Then there are the various reference photo books I've picked up along the way on the cheap. One on big cats, bears, wolves, and North American Wildlife. References ARE the way to go!

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Offline NeoFur

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« Reply #2 on: October 13, 2005, 08:58:10 pm »
I use How to draw animals too. '<img'>
Two other books I use are "How to Draw Manga Bishoujo-Pretty Gals"
It's good in general cuz I draw manga, and it's got a nice chapter on anthro.
 "How to Draw Manga Occult and Horror" has some awesome stuff for Mythical creatures.

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Offline Ulario

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« Reply #3 on: October 19, 2005, 11:58:52 am »
As most of you know, I am for the most part a self taught artist.  I learned through reading books.My list of books I've used to learn how to draw.  THese aren't all of my books... but they are some of my favorites.

1.  "Drawing Cutting Edge Comics" and "Drawing Cutting Edge Anatomy".  Both of which were written by Christopher Hart.  I'll be brutally honest, I hate Chris Hart's personal style, sometimes I wonder how he even became a pro artist.  However, he does know what he's talking about when it comes to drawing comics and anatomy... and thankfully, most of the drawings in that book were not created by him.  The one about anatomy I would highly recommend specifically because it shows the muscles in motion and in different positions.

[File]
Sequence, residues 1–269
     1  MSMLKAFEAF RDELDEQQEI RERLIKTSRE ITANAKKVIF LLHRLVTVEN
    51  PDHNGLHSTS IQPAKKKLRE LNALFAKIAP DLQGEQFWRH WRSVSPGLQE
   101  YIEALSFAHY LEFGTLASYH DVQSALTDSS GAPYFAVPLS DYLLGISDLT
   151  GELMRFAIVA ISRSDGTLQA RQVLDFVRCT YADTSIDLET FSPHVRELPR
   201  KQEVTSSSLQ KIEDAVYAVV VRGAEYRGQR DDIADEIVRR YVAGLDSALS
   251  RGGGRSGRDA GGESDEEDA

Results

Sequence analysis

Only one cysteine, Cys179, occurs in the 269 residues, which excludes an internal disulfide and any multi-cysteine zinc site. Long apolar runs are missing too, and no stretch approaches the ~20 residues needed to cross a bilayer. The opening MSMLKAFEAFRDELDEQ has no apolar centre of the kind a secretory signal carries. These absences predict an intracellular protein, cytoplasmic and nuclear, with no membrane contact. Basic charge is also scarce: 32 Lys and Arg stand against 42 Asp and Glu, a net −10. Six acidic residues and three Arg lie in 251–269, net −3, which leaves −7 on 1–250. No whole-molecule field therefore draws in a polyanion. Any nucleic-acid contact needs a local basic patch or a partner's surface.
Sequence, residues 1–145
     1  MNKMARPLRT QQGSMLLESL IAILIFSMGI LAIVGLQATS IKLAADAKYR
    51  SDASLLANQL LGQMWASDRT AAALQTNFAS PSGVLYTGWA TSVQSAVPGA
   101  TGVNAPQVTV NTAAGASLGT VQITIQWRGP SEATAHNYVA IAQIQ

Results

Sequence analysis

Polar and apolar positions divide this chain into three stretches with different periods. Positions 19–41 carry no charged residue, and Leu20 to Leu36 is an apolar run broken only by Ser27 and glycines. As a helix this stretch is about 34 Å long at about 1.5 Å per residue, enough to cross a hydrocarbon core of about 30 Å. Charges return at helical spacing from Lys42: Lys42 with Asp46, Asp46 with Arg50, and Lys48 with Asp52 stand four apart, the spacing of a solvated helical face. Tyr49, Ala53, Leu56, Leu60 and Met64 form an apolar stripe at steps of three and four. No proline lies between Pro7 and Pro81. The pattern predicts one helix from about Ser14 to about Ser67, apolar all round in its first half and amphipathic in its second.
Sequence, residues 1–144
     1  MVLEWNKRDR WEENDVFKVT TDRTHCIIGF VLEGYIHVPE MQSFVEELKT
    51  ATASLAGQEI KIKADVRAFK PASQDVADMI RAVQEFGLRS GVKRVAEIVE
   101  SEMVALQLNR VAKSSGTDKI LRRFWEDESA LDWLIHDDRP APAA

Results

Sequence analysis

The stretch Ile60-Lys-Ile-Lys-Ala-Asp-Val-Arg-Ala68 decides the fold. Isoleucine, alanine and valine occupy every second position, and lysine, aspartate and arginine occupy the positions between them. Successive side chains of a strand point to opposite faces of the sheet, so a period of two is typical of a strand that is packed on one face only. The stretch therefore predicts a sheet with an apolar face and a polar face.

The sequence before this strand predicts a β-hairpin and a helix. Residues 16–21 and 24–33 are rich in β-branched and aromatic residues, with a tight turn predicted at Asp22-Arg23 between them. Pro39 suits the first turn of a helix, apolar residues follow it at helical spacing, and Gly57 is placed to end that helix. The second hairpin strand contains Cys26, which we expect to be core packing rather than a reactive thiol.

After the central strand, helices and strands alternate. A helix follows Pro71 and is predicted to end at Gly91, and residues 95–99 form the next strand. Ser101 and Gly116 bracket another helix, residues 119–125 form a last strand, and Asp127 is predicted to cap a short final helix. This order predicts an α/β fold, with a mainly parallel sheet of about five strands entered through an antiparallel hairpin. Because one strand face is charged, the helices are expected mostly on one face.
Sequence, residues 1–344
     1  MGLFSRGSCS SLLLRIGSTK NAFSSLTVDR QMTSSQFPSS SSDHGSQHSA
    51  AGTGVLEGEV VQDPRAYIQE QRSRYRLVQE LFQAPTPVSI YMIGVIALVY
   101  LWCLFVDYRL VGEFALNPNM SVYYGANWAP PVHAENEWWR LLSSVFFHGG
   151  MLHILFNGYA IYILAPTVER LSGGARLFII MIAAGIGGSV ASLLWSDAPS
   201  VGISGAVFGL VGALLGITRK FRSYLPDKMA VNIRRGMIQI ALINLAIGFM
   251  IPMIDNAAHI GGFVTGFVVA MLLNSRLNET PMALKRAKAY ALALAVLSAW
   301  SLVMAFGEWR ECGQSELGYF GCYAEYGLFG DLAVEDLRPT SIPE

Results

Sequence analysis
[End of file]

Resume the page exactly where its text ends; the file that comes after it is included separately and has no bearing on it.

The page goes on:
2.  "Freaks" by Steve Miller.  Like it was mentioned before in this thread, that particular book isn't very informative.  I mainly bought it because I like the clothing styles and the pretty furry pictures.

3.  ANYTHING by Burne Hogarth.  THat man is a genius when it comes to drawing the human body in motion.  A few I'd recommend specifically are "Drawing Dynamic Hands", Dynamic Wrinkes and Drapery", and "Dynamic Figure Drawing".